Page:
Chapter 15 Introduction to the Analysis of Variance IThe Omnibus Null Hypothesis H 0 : 1 = 2 = . . . = p H 1 : j = j ’. A.Answering General Versus Specific Research Questions 1. Population contrast, i , and sample contrast.
Introduction to the Analysis of Variance
IThe Omnibus Null Hypothesis
H0: 1 = 2 = . . . = p
H1: j = j’
A.Answering General Versus Specific Research
1. Population contrast, i, and sample contrast
2.Pairwise and nonpairwise contrasts
B.Analysis of Variance Versus Multiple t Tests
1.Number of pairwise contrasts among p means
is given by p(p– 1)/2
p = 3 3(3 – 1)/2 = 3
p = 4 4(4 – 1)/2 = 6
p = 5 5(5 – 1)/2 = 10
2.If C = 3 contrasts among p = 3 means are tested
using a t statistic at = .05, the probability of
one or more type I errors is less than
3.As C increases, the probability of making one or
more Type I errors using a t statistic increases
4.Analysis of variance tests the omnibus null
hypothesis, H0: 1 = 2 = . . . = p , and controls
probability of making a Type I error at, say,
= .05 for any number of means.
5.Rejection of the null hypothesis makes the
alternative hypothesis, H1: j ≠ j’, tenable.
IIBasic Concepts In ANOVA
1.Two subscripts are used to denote a score, Xij.
The i subscript denotes one of the i = 1, . . . , n
participants in a treatment level. The j subscript
denotes one of the j = 1, . . . , p treatment levels.
2. The jth level of treatment A is denoted by aj.
a1 a2 a3 a4
X11 X12 X13 X14
X21 X22 X23 X24
Xn1 Xn2 Xn3 Xn4
B.Composite Nature of a Score
1. A score reflects the effects of four variables:
characteristics of the participants in the
chance fluctuations in the participant’s
environmental and other uncontrolled
2.Sample model equation for a score
3.The statistics estimate parameters of the model
equation as follows
4.Illustration of the sample model equation using the
weight-loss data in Table 1.
Table 1. One-Month Weight Losses for Three Diets
a1 a2 a3
5.Let X11 = 7 denote Joan’s weight loss. She used
diet a1. Her score is a composite that tells a story.
6.Joan used a less effective diet than other girls
(8 – 9.67 = –1.67), and she lost less weight than
other girlson the same diet (8 – 9 = –1).
C.Partition of the Total Sum of Squares (SSTO)
1.The total variability among scores in the diet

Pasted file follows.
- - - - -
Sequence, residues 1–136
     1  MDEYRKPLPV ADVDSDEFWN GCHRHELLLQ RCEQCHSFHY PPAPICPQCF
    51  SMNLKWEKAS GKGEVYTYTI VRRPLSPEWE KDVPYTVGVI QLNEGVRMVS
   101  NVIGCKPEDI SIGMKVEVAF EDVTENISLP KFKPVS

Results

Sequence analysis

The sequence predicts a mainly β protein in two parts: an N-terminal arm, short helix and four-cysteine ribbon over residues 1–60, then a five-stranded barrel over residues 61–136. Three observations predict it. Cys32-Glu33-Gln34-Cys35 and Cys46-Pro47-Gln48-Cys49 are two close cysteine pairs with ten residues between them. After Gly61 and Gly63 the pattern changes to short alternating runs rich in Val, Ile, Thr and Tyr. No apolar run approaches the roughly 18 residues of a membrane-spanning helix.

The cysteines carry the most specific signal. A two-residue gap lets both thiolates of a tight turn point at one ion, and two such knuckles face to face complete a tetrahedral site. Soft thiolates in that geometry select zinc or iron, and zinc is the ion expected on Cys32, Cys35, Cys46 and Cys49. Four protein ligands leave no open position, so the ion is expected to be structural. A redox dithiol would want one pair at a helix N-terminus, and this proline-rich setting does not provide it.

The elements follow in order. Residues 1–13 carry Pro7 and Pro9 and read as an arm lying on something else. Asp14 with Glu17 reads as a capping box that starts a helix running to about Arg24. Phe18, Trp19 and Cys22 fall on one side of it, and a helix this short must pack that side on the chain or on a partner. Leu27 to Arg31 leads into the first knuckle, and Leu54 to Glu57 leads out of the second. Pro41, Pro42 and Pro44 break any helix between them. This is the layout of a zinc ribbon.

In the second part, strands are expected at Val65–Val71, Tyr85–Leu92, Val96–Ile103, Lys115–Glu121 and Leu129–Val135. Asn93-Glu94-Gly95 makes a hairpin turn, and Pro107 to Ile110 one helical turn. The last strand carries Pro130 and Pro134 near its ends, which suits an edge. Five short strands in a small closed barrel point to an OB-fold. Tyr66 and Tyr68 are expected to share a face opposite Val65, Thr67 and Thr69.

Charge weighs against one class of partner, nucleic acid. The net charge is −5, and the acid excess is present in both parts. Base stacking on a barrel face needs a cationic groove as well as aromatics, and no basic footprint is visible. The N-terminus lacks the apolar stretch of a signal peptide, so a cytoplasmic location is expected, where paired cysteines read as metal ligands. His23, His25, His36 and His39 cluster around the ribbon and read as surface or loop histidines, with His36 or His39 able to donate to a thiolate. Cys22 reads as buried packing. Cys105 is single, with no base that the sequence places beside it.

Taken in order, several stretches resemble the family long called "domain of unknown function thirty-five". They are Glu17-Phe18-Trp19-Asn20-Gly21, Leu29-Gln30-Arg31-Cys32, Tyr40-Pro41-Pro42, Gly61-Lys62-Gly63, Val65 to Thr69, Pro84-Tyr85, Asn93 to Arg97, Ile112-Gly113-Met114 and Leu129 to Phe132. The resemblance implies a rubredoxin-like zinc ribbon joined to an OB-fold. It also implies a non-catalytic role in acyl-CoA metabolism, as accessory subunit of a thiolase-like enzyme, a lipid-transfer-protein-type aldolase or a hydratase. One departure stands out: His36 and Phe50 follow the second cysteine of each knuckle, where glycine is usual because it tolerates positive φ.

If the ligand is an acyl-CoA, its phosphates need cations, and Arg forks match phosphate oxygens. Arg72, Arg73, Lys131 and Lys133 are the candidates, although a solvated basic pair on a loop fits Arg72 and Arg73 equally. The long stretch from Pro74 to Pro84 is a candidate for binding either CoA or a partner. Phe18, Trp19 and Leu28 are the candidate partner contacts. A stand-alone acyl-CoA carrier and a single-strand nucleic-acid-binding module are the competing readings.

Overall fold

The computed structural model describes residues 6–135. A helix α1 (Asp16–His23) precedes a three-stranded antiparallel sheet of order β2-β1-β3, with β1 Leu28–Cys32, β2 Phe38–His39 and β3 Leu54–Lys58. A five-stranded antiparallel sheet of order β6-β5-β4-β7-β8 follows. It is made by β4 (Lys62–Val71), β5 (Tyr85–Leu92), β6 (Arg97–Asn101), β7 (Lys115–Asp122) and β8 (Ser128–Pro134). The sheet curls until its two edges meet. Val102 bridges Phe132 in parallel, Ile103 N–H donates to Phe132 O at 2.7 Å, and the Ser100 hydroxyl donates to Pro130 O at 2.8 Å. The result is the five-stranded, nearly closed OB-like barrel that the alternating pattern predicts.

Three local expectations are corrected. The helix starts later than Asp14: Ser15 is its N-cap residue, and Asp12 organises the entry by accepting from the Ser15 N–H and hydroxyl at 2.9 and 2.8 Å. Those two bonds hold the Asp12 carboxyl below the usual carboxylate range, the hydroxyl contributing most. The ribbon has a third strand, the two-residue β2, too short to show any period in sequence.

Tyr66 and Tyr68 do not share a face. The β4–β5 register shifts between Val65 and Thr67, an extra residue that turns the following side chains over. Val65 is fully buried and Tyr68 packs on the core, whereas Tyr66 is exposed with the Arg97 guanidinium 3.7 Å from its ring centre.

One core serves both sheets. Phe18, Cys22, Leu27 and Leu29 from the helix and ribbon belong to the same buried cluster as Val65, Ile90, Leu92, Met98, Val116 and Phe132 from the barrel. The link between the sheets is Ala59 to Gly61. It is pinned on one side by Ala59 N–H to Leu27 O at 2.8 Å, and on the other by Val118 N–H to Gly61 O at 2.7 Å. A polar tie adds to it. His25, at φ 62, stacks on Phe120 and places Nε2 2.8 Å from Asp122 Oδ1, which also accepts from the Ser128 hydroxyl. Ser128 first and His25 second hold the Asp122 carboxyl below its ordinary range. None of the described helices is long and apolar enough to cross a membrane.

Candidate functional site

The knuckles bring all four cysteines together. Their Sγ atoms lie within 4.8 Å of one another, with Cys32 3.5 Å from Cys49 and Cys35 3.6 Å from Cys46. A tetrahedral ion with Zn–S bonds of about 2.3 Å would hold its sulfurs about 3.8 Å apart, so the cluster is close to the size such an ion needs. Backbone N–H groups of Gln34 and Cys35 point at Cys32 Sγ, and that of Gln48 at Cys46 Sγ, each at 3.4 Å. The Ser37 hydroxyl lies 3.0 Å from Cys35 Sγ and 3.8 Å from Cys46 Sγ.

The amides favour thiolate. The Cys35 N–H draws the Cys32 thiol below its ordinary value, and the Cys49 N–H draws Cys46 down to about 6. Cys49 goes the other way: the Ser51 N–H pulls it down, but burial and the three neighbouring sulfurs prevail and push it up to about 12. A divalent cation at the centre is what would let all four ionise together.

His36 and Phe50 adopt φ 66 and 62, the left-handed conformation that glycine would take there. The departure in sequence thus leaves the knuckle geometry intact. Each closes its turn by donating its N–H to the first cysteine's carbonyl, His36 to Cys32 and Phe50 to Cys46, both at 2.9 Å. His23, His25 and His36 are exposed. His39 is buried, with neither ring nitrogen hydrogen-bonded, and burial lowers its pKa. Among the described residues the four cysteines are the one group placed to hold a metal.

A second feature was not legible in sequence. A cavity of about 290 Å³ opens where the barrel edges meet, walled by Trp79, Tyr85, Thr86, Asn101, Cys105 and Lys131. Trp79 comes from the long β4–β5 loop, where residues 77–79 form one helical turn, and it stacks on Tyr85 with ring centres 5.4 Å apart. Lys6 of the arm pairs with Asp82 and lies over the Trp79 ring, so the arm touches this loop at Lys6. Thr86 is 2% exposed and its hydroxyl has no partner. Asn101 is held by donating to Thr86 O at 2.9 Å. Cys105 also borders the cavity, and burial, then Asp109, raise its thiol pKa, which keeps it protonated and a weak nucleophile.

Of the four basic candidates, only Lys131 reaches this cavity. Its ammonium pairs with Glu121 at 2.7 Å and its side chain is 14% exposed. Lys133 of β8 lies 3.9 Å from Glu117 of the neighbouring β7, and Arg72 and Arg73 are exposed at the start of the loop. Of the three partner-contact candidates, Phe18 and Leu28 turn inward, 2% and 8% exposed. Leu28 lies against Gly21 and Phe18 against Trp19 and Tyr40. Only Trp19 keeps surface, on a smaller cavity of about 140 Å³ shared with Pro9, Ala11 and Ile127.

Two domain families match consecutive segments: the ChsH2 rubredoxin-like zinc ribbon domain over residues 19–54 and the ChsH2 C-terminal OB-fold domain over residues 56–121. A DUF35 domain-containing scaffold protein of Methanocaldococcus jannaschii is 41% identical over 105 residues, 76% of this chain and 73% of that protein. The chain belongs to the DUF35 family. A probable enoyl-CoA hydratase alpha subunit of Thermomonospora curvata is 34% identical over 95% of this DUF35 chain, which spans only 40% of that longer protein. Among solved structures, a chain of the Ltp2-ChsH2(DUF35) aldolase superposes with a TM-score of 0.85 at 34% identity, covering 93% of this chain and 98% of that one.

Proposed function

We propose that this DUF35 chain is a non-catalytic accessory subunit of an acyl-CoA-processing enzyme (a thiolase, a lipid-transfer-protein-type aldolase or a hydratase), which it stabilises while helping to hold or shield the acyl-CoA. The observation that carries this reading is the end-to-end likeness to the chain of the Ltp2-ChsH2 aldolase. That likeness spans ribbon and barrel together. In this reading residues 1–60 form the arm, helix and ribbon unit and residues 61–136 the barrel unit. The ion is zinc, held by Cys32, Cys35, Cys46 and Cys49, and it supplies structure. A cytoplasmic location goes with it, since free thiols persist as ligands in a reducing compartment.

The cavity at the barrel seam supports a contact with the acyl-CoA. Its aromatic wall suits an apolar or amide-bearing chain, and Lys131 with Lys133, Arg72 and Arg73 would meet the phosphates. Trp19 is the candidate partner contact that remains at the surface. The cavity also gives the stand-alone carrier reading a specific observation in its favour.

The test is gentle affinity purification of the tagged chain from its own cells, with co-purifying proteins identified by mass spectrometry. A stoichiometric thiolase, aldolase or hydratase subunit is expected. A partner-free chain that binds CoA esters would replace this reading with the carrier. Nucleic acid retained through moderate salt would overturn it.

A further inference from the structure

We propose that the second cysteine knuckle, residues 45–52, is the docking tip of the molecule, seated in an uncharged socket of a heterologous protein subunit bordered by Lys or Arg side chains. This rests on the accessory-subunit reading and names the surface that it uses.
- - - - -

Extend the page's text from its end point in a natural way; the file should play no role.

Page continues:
also is a composite that can be decomposed into
between-groups sum of squares (SSBG)
within-groups sum of squares (SSWG)
D.Degrees of Freedom for SSTO, SSBG, and
1.dfTO = np – 1
2.dfBG = p – 1
3.dfWG = p(n – 1)
E.Mean Squares, MS, and F Statistic
F.Nature of MSBG and MSWG
1.Expected value of MSBG and MSWG when the
null hypothesis is true.
2.Expected value of MSBG and MSWG when the
null hypothesis is false.
3.MSBG represents variation among participants
who have been treated differently—received
different treatment levels.
4.MSWG represents variation among participants
who have been treated the same—received
the same treatment level.
5.F = MSBG/MSWG values close to 1 suggest that
the treatment levels did not affect the dependent
variable; large values suggest that the treatment
levels had an effect.
IIICompletely Randomized Design (CR-p Design)
A.Characteristics of a CR-p Design
1.Design has one treatment, treatment A, with p
2.N = n1 + n2 + . . . + np participants are randomly
assigned to the p treatment levels.
3.It is desirable, but not necessary, to have the same
number of participants in each treatment level.
B.Comparison of layouts for a t-test design for
independent samples and a CR-3 design
C.Descriptive Statistics for Weight-Loss Data
In Table 1
Table 2. Means and Standard Deviations for Weight-Loss Data
Figure 1. Stacked box plots for the weight-loss data. The
distributions are relatively symmetrical and have similar
Table 3. Computational Procedures for CR-3 Design
a1 a2 a3
D.Sum of Squares Formulas for CR-3 Design
Table 4. ANOVA Table for Weight-Loss Data
SourceSS df MS F
1.Between86.667p – 1 = 243.3348.60*groups (BG)
2.Within 136.000p(n – 1) = 275.037
3. Total222.667np – 1 = 29
*p < .002
E.Assumptions for CR-p Design
1.The model equation,
reflects all of the sources of variation that affect
2.Random sampling or random assignment
3.The j = 1, . . . , p populations are normally
4.Variances of the j = 1, . . . , p populations are